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Hello! I’ve been thinking of doing LASIK but I’m concerned that my dry eye syndrome may worsen after LASIK. I’ve been having dry eyes for some time, which have worsen due to over wearing of contact lens. Hence I’ve now switched to wearing spectacles only. I’ve read from one of your entries that the incidence of dry eyes is reportedly lower for ReLEx Smile.
Is ReLEx Smile the best option for those with dry eyes? Can I still consider LASIK as one of my options?
Let’s take a step back first, and see if we can answer this question:
Why do people get dry eyes after LASIK?
Most eyes do get somewhat drier after any kind of laser corneal refractive surgery, whether it is LASIK, PRK/epiLASIK, or SMILE.
This induction of dryness is related to several factors, such as:
1. Disturbance of corneal surface innervation
2. Alteration of corneal surface shape
3. Effects of various anaesthetic/antibiotic/anti-inflammatory eyedrops during and after surgery.
Possibly the more significant difference between these methods is how corneal surface innervation is affected.
This is important since reduced corneal sensation is thought to reduce dryness feedback and contribute to reduced tear secretion.
How much disturbance to corneal surface innervation is there for the various surgical procedures (LASIK/SMILE/PRK/epiLASIK)?
In LASIK, most of the corneal nerve ends to the flap are ‘disconnected’, except at the hinge area of the flap.
However, since the flap is very thin, the distance which the nerves need to grow back into the flap is also very short.
(Remember, these are just nerve branches that are affected, not the cell bodies, so there is regrowth and reinnervation of the LASIK corneal flap with time.)
In SMILE, there is also a reduction of corneal cap innervation. This is because there is a wound through which the lenticule is accessed and removed, and also because removal of the lenticule disconnects nerve branches that come up from deeper parts of the cornea.
However, because there is no circumferential flap cut, there is less disturbance compared with LASIK.
In PRK/epiLASIK, there is no flap and no lenticule, so corneal innervation is disturbed the least and would be expected to recover fastest among the 3 methods.
Is there any laser procedure that does not cause dry eyes?
Anecdotally, most patients regardless which method was performed, experienced increased eye dryness in the early period after surgery.
There is a meta-analysis of studies comparing LASIK and SMILE and I quote the abstract conclusion for simplicity:
“Dry eye after both SMILE and FS-LASIK usually occurs transiently. SMILE does not show obvious superiority over FS-LASIK by exhibiting similar and acceptable objective parameters, and SMILE may have milder subjective symptoms.”
Certain parameters like tear film break up time were better with SMILE than LASIK, but when questionnaires regarding dry eye related symptoms and quality of life issues were given to patients in a blinded fashion, there was no significant difference in the answers.
If you have dry eyes, what do you need to consider?
If a patient with dry eyes is considering refractive surgery, the most important factor is its severity.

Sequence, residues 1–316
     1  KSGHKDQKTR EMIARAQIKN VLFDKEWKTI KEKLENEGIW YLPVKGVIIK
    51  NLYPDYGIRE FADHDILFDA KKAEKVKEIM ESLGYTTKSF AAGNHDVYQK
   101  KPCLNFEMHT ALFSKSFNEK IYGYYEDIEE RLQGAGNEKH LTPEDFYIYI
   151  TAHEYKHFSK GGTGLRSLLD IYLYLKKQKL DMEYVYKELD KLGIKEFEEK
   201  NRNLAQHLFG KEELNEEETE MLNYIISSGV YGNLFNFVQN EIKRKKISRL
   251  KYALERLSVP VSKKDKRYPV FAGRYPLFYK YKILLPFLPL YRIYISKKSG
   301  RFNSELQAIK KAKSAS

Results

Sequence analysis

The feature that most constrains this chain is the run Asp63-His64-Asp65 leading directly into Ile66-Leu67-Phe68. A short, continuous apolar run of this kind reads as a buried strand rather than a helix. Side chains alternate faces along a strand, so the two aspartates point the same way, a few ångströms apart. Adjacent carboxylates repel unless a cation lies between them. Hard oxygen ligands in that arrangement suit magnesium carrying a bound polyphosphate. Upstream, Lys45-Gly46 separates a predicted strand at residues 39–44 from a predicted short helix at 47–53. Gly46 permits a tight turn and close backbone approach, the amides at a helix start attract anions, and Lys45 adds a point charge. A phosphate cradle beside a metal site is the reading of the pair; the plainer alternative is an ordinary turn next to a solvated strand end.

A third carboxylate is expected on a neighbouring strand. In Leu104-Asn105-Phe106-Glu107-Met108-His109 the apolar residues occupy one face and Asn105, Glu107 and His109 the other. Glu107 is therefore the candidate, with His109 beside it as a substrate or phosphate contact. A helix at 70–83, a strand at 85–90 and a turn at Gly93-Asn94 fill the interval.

The following helps your doctor determine the severity of your dryness:
1. Are there a lot of dry spots (punctate erosions) on the cornea?
2. How often must you use artificial tears to maintain function?
3. Also, are there underlying problems like the use of isotretinoin for treating acne, which could make your eyes very dry?
How do I manage patients with dry eyes?
Generally, if the dry eye problem is mild, or is associated with contact lens wear, then there is usually no problem with any of the methods above including LASIK.
Yes, the eyes can get drier in the early period after surgery, but even with LASIK, recovery usually occurs by 6 months and often earlier.
There may be somewhat earlier recovery with SMILE, but even this also causes an increase in dryness post-operatively.
Patients who are taking isotretinoin should stop taking it before surgery, and ideally wait for several months after stopping before considering LASIK.
For people with a lot of dry spots, I would generally postpone surgery and treat the dryness aggressively with frequent artificial tear drops and perhaps punctal plugging.
Would SMILE be better than LASIK for patients with dry eyes?
Perhaps, bearing in mind that surface ablation like PRK/epiLASIK might be an even better option if the patient can put up with the delayed visual recovery.
What about patients with severe dry eyes?
For severe dry eyes, generally I would advise against any kind of laser corneal refractive surgery.
The induced dryness, regardless of method, may affect healing, and cause prolonged blurring of vision.
To sum up:
I personally don’t think there is a huge difference in terms of dryness induction following LASIK or SMILE.
Both methods cause some temporary increase in dryness, which might be milder in SMILE. This is not clearly shown in large studies.
If I thought someone’s eyes were too dry for LASIK, I would hesitate to recommend SMILE too.
The main advantage of SMILE over LASIK is that there is no flap.
The main advantage of SMILE overPRK/epiLASIK is better comfort and faster visual recovery.
The advantages with LASIK over SMILE include:
1. Custom wavefront guided treatments with LASIK
2. Flexibility to treat all kinds of spectacle power (SMILE is restricted to moderate to high myopia, and low astigmatism only to about 150 degrees; LASIK is OK to treat up to around 400 degrees of astigmatism).
3. Ease of enhancing in case of remaining power after surgery – with LASIK the flap is simply lifted and the eye retreated, while with SMILE an enhancement requires conversion to either LASIK or PRK/epiLASIK.
These factors, in my mind, should be the main arbiter of the final chosen method.
Dryness is a consideration, but a minor one only.
Dr Por Yong Ming